Friday, February 26, 2010

The Gathering - Anne Enright

What is the truth? Where does it lead you? Can truth that has been buried for years turn into a lie or a figment of imagination? Does it stay as it is, ignored as it has been for years? Or does it turn into this large unwieldy thing inside you, bloating, disfiguring, till you have to let it out?

Veronica Hagerty loved her brother Liam. Events in their lives not withstanding, she loved him perhaps more than any of her other siblings. When her brother dies, grief, guilt, midlife crisis, a dwindling marriage - one, some or all of these reasons force her to review her entire life in minute detail. In someway, hers and Liam's lives are always entwined and interconnected, whether they can stand each other or not. Veronica knows her brother's secret. She knows what happened in their grandmother's house the winter of 1968. All these years she has kept it to herself, as long as Liam was alive, it was his secret, his past, his responsibility. Drunkard or not, Liam was alive, blood flowed in his veins and so did the responsibility of the truth.

When Liam dies, the truth pops out of him like a bubble and it is the unbridgeable gap between her and peace. Suddenly it becomes her responsibility. The truth. To tell or not to tell, to forget or to not forget. Does she even really remember it?

So Veronica, unconsciously or by design, sets about trying to get to the crux of this truth. In the end, what threatens to undo her? Is it the way she grew up? Is it her grandmother's house? Her own tottering marriage? Does she feel purposeless and unloved? Is it midlife crisis or simply the guilt? The guilt that seems to tell her over and over again that she knew, she knew and she didn't do anything about it. And now Liam is dead.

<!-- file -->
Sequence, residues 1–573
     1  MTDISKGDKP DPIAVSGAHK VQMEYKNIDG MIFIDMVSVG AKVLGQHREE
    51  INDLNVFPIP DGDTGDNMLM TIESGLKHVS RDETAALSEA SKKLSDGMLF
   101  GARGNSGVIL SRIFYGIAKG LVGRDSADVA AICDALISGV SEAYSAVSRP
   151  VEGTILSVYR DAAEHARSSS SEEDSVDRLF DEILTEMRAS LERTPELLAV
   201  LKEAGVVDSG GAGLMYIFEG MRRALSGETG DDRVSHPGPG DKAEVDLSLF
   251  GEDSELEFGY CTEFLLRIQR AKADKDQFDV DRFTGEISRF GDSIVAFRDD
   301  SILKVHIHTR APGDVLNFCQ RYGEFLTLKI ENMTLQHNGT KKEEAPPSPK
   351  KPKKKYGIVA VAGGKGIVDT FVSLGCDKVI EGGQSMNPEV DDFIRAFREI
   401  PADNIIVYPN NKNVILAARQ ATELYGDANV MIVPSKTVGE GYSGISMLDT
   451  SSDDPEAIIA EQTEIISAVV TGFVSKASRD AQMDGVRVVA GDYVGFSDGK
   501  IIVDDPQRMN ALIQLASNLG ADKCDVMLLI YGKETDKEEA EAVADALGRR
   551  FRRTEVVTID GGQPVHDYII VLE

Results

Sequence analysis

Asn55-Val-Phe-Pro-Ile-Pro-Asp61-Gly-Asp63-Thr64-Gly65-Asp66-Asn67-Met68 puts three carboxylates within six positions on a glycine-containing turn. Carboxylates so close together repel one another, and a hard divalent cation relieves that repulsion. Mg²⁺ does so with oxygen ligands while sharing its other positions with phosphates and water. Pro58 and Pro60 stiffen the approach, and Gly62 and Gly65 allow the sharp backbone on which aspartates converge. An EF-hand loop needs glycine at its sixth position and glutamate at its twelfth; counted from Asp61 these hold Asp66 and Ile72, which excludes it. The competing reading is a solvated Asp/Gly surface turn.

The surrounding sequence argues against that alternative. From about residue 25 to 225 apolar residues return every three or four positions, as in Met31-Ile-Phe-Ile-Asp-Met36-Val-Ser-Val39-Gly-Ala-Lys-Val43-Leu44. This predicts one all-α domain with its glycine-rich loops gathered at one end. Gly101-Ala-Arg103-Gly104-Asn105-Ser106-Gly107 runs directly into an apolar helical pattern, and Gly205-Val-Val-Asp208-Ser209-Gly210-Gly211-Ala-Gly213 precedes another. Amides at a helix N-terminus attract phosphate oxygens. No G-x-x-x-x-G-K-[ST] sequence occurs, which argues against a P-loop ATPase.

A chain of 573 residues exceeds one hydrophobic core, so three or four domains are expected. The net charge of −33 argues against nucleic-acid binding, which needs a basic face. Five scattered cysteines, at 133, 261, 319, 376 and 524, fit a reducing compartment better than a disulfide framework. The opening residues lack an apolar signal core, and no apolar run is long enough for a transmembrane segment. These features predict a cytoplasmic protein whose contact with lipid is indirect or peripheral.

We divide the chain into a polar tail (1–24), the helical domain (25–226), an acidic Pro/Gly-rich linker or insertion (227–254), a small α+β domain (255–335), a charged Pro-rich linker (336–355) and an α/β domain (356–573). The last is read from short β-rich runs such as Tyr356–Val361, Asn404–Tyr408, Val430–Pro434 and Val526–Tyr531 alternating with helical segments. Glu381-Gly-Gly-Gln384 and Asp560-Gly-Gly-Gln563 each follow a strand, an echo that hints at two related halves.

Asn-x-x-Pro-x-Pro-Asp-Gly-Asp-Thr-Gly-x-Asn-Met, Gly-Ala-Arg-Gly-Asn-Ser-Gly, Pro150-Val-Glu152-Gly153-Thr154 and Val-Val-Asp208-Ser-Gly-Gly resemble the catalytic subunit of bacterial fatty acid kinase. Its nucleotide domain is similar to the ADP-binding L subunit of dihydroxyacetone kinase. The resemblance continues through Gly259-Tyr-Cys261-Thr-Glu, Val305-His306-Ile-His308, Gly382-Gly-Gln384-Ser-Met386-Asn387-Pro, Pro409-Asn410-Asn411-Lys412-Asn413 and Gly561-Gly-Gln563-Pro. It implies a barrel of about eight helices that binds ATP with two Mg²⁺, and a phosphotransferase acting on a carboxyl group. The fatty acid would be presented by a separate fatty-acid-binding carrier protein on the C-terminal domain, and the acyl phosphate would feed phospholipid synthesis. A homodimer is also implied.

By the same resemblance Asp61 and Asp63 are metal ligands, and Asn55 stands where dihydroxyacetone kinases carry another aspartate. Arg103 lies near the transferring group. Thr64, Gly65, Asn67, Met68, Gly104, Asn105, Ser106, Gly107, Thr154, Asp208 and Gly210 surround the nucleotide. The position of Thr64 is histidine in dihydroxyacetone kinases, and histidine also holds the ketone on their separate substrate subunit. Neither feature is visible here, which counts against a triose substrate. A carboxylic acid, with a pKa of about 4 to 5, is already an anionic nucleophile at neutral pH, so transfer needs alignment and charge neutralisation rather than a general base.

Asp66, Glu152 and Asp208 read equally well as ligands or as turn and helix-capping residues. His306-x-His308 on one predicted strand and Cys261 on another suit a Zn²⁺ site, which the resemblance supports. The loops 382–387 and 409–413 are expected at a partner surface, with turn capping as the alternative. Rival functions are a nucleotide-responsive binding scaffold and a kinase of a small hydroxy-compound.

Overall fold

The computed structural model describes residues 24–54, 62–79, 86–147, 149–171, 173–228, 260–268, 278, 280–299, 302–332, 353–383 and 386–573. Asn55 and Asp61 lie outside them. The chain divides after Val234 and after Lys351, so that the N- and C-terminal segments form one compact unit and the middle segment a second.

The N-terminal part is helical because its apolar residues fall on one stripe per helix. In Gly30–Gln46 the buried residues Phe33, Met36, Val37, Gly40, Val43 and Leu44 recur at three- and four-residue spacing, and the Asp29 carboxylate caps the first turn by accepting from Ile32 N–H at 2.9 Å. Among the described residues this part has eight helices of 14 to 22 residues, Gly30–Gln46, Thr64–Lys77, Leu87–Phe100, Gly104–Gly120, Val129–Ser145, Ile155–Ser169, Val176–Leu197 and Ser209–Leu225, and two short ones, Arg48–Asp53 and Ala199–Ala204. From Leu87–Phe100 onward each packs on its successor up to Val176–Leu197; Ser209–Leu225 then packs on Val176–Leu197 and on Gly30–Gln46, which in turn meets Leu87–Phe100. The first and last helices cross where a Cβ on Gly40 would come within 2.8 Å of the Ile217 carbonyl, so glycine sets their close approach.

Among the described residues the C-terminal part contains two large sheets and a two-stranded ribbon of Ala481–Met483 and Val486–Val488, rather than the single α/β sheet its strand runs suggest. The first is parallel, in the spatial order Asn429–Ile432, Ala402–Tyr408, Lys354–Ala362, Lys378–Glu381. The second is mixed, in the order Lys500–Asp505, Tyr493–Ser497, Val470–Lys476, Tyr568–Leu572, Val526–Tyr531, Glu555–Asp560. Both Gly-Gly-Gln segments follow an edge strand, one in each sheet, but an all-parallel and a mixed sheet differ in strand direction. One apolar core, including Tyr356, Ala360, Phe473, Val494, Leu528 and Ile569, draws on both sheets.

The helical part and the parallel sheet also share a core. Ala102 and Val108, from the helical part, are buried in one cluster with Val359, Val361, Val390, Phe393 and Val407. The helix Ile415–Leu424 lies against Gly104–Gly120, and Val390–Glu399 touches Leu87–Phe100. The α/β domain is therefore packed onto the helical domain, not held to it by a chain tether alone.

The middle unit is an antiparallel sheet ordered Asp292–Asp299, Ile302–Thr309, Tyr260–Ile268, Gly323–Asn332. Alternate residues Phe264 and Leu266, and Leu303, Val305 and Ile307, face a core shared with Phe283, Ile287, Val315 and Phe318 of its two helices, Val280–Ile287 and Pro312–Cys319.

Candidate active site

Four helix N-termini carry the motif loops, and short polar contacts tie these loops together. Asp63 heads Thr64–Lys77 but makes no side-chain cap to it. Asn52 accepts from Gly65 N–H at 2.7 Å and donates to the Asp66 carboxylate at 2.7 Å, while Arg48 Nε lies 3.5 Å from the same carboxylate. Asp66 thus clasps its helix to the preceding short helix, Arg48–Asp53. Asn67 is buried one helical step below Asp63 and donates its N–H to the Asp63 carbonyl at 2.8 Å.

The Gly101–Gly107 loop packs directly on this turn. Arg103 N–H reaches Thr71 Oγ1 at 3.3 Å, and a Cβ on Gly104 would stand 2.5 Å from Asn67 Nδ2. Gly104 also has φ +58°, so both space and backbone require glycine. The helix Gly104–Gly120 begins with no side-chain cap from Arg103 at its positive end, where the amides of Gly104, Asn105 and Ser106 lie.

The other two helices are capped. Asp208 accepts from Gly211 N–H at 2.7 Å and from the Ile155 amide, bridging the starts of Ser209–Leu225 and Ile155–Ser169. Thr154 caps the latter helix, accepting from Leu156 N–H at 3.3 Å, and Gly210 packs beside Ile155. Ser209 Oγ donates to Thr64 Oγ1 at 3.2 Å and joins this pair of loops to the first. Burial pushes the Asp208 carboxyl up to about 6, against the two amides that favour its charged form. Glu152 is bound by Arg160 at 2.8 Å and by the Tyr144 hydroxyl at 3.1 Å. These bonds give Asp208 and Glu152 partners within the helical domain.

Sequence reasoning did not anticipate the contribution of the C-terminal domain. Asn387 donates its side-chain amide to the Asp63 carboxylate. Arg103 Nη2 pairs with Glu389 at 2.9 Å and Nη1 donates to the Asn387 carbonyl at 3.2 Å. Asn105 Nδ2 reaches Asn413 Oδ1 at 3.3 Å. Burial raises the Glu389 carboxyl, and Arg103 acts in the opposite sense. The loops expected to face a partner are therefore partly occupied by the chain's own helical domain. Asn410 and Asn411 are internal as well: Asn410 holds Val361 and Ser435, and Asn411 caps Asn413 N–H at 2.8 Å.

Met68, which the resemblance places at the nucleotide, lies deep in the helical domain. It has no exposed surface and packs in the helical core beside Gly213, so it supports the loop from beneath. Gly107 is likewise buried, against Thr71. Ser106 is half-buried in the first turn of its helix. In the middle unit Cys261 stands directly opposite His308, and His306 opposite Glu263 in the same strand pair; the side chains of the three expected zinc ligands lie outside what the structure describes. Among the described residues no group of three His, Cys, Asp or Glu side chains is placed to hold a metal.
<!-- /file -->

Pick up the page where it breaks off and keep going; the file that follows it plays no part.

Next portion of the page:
Whatever it is, even as Veronica traces the history and experiences of her family back from the days of her grandmother's youth, it is all for Liam. Real or imagined, she struggles to make sense of the life she has led, they have all led, for Liam's sake. She loved Liam; even while she hated him, she loved him. She cannot run away now, no matter how much she might try to let herself go, the truth ought to be faced.

The Gathering is like a jigsaw puzzle. It begins all over the place, that is to say, the narrator Veronica Hegarty does. How it is finally perceived is up to the reader I suppose. To those who can withstand the direct and sometimes terrible way that Veronica Hagerty looks at everything around her, this book might remain with them long after they have put it down. It doesn't wear comfortably, no fairytale this, but through Veronica, Anne Enright has pushed the truth of things out bit by bit till you can no longer ignore it. It is there to be considered and you have to consider it. The Gathering is a wrenching tale about how neither Veronica nor Liam are able to forget what happened to him in her grandmother's house the winter of 1968 and how the rest of their lives were shaped around and over it.